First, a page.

return $this->availableCountries;

  public function setAvailableCountries(array $availableCountries) {
    $this->availableCountries = $availableCountries;
    return $this;

  public function getFieldDefinition() {
    return $this->fieldDefinition;

An event is fired using the event dispatcher:

class Config extends StorableConfigBase {

  public function save($has_trusted_data = FALSE) {
    // Perform the actual save, then dispatch the event.
    $event = new ConfigCrudEvent($this);
    $this->eventDispatcher->dispatch(ConfigEvents::SAVE, $event);

// Somewhere in \Drupal\address\Plugin\Field\FieldType\AddressItem
$event = new AvailableCountriesEvent($availableCountries, $fieldDefinition);
$eventDispatcher->dispatch(AddressEvents::AVAILABLE_COUNTRIES, $event);
$availableCountries = $event->getAvailableCountries();


A module responds to events by registering event subscribers. Each event subscriber is a class, and can subscribe to multiple events.

An event subscriber is registered in the module's services.yml file.

    class: Drupal\mymodule\Event\DummySubscriber

      - { name: event_subscriber }

Having to define a services.yml entry is extra boilerplate compared to D7, but it allows us to specify which dependencies should be injected into the subscriber class.

The tags key tells the container what kind of service this is, and optionally allows us to set the service priority. Remember having to implement hook_module_implements_alter() to make a hook run before another hook? No more.

namespace Drupal\mymodule\Event;

use Symfony\Component\EventDispatcher\EventSubscriberInterface;
use Drupal\address\Event\AddressEvents;
use Drupal\address\Event\AvailableCountriesEvent;
use Drupal\Core\Config\ConfigEvents;
use Drupal\Core\Config\ConfigCrudEvent;

// In real life you would at least limit a subscriber to a single module's events.
class DummySubscriber implements EventSubscriberInterface {

  static function getSubscribedEvents() {
    $events[AddressEvents::AVAILABLE_COUNTRIES][] = array('alterAvailableCountries');
    $events[ConfigEvents::SAVE][] = array('logSave');
    return $events;

  public function alterAvailableCountries(AvailableCountriesEvent $event) {
    $countries = $event->getAvailableCountries();
    $countries['EB'] = 'Elbonia';

  public function logSave(ConfigCrudEvent $event) {
    $config = $event->getConfig();
    // Now do something.


The event subscriber class can have any number of dependencies injected via the constructor. Notice how the AvailableCountriesEvent needs a setAvailableCountries() method, used by the subscriber to set the altered value back on the event, since $countries are an array and not an object that can be modified by reference.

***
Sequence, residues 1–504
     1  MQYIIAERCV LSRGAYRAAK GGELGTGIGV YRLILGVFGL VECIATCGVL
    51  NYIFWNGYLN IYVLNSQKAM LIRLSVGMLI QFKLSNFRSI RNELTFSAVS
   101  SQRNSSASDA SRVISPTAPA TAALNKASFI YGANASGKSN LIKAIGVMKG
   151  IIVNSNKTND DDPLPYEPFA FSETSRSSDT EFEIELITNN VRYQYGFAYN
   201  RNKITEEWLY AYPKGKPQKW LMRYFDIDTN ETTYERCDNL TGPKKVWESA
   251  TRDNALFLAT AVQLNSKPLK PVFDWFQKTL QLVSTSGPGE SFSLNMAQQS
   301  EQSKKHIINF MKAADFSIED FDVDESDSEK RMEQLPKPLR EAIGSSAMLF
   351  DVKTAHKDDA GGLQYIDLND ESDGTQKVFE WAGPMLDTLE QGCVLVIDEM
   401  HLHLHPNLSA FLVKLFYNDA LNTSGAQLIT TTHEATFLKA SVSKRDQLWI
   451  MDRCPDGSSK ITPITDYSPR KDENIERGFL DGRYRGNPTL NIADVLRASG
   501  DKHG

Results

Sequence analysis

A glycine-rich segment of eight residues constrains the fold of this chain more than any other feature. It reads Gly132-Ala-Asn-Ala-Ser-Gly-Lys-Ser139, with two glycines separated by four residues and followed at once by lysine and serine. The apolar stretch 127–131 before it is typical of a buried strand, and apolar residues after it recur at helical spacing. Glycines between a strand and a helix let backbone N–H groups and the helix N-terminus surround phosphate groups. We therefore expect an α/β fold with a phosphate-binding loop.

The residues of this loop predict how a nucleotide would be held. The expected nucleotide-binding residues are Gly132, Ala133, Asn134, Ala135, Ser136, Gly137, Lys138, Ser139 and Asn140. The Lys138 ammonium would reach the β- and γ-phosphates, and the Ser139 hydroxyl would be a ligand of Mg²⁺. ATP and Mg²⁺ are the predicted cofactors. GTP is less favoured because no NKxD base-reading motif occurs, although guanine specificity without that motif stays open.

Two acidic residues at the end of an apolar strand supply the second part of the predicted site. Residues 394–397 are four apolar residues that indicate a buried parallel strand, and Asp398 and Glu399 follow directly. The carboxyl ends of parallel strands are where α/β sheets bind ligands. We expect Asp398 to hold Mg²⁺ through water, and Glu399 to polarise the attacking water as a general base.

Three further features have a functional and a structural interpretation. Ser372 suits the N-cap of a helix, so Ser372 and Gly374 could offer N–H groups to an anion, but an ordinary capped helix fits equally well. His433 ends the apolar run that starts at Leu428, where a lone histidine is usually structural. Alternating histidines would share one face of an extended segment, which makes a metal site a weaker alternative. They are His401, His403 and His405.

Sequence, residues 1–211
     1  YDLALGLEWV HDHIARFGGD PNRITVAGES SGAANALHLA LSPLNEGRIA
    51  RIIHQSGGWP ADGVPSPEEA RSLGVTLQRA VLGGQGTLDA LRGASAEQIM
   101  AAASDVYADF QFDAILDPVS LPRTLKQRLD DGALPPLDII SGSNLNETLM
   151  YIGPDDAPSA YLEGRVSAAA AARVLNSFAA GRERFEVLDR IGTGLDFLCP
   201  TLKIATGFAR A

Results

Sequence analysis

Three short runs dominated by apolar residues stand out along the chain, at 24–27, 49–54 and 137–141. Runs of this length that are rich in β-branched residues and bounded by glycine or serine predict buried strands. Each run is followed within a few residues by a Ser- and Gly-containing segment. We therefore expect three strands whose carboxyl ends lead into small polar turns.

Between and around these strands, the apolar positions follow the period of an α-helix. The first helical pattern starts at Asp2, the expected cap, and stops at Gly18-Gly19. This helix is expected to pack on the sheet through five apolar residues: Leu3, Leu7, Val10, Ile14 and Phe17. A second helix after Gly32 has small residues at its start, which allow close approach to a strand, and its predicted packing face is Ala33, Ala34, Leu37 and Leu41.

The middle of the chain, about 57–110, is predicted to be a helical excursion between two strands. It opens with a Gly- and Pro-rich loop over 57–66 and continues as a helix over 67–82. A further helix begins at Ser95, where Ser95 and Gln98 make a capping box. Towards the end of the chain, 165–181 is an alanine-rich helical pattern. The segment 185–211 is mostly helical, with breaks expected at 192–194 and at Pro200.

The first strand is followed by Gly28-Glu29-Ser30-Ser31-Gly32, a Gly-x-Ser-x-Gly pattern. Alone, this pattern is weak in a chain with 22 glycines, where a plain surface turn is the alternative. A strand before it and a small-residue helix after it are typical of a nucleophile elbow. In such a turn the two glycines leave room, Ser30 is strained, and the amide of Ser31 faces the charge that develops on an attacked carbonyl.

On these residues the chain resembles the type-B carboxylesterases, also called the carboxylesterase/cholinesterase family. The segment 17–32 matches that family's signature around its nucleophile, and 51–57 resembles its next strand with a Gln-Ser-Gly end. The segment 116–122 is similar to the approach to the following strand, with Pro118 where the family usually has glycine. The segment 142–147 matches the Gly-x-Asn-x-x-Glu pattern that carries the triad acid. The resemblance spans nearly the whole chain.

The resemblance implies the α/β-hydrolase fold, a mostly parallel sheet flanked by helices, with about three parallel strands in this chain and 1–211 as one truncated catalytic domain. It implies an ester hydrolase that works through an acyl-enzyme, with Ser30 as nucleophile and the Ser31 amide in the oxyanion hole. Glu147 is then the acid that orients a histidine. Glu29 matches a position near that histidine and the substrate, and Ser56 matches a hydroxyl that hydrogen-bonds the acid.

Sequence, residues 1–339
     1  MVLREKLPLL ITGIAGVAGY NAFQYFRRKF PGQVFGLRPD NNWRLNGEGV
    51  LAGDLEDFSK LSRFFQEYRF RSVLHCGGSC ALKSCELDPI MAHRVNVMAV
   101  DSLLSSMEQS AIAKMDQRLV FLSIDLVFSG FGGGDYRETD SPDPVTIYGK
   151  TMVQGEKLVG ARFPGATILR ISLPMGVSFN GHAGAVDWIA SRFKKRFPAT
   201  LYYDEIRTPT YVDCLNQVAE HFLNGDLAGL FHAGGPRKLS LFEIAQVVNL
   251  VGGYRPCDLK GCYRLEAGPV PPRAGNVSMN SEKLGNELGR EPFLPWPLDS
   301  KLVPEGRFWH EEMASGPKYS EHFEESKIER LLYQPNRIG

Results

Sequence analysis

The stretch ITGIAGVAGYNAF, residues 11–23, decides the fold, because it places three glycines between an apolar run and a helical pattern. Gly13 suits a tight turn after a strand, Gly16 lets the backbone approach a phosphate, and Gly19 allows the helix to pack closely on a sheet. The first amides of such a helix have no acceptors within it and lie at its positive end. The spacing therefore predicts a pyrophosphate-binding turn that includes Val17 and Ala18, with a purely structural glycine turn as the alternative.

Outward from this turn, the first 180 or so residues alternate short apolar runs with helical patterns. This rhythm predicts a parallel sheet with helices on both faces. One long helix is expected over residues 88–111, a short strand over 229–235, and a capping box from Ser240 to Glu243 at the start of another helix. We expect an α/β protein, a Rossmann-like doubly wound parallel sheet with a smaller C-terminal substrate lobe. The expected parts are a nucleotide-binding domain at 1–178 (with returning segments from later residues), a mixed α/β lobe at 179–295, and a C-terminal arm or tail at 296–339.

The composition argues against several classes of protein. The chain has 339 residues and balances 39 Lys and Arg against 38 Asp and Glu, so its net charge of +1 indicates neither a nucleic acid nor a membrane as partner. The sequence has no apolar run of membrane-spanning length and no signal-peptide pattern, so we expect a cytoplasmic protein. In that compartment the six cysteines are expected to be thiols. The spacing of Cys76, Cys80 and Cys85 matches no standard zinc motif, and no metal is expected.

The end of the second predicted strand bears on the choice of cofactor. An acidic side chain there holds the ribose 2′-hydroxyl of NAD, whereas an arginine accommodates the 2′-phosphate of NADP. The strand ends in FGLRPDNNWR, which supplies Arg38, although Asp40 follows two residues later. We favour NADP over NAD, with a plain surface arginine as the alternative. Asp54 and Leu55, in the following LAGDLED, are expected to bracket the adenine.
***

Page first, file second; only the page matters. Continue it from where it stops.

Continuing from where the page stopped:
An event subscriber method can also prevent next event subscribers from being called, via $event->stopPropagation(). Event subscriber classes are only loaded and instantiated when they are about to be invoked, so any other registered event subscribers stay undisturbed.

Drupal 8 solutions: Tagged services

The third use case ("Participating in a process") is handled by tagged services.

In essence, event subscribers are also tagged services. The container collects all services that have a specific tag and passes them to a class that invokes them. For events this is the event dispatcher class. For other tagged services, it is a class defined by the provider.


The interface all tagged services must implement:

interface ThemeNegotiatorInterface {
   * Determine the active theme for the request.
   * @param \Drupal\Core\Routing\RouteMatchInterface $route_match
   *   The current route match object.
   * @return string|null
   *   Returns the active theme name, else return NULL.
  public function determineActiveTheme(RouteMatchInterface $route_match);

The services.yml entry for the class that receives all tagged services:

# In core this is actually theme.negotiator calling the ThemeNegotiator class
# This example gives it the name it should have, matching other core examples.
  class: Drupal\Core\Theme\ChainThemeNegotiator
  arguments: ['@access_check.theme']
    - { name: service_collector, tag: theme_negotiator, call: addNegotiator }

The service_collector tag tells the container to gather all services with the given tag, order them by priority, and pass them to the class using the addNegotiator method.

The class itself:

class ChainThemeNegotiator implements ChainThemeNegotiatorInterface {
  protected $negotiators = [];

  public function addNegotiator(ThemeNegotiatorInterface $negotiator) {
    $this->negotiators[] = $negotiator;

  public function determineActiveTheme(RouteMatchInterface $route_match) {
    foreach ($this->negotiators as $negotiator) {
      // Call each negotiator until one returns a result.
      $theme = $negotiator->determineActiveTheme($route_match);
      if ($theme !== NULL) {
        return $theme;

A module can now use the ChainThemeNegotiator service to get the active theme. It is common to name this type of class with a Chain prefix, because it gets a chain of classes and invokes them one by one. Core has ChainBreadcrumbBuilder, ChainEntityResolver, and others using the same pattern.

Note that while the event dispatcher instantiates subscribers one by one, this class gets all instantiated services up front, which can lead to worse performance. There are efforts underway in core to make this process lazy as well.


From a consumer perspective tagged services function similarly to event subscribers.

A class is registered via $, given a tag and an optional priority:

# Outside of core the naming pattern would be: $module.$tag.$name
  class: Drupal\Core\Theme\DefaultNegotiator
  arguments: ['@config.factory']
    - { name: theme_negotiator, priority: -100 }